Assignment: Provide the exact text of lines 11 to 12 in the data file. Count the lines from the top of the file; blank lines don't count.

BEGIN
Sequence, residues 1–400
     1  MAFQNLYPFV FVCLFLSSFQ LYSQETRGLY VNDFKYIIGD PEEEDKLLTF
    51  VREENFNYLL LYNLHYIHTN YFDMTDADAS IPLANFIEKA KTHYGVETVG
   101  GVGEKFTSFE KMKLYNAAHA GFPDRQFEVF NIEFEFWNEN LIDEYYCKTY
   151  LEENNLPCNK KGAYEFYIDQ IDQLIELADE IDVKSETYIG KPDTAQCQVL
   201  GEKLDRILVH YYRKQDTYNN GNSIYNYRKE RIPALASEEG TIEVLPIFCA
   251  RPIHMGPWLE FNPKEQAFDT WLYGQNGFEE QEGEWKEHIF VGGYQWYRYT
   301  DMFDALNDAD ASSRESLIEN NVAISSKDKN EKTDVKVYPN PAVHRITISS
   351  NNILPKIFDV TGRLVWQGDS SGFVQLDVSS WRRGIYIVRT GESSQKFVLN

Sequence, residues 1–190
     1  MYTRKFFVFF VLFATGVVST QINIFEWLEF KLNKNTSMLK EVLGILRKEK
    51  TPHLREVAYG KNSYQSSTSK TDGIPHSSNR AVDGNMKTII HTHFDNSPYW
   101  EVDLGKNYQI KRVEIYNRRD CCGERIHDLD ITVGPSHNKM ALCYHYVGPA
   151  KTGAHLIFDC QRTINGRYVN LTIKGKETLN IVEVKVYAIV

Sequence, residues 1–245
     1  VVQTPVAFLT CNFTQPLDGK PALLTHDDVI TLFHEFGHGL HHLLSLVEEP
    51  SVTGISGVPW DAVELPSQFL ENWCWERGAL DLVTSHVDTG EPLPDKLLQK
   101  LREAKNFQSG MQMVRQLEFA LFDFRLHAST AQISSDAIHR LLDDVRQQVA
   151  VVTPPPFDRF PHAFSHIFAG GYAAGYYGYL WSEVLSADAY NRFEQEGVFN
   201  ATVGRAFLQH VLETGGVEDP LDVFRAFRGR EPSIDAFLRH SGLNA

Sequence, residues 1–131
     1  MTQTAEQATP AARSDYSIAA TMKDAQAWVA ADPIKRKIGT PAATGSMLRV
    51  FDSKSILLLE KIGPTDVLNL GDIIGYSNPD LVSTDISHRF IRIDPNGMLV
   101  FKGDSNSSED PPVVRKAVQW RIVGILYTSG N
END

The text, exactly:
     1  MYTRKFFVFF VLFATGVVST QINIFEWLEF KLNKNTSMLK EVLGILRKEK
    51  TPHLREVAYG KNSYQSSTSK TDGIPHSSNR AVDGNMKTII HTHFDNSPYW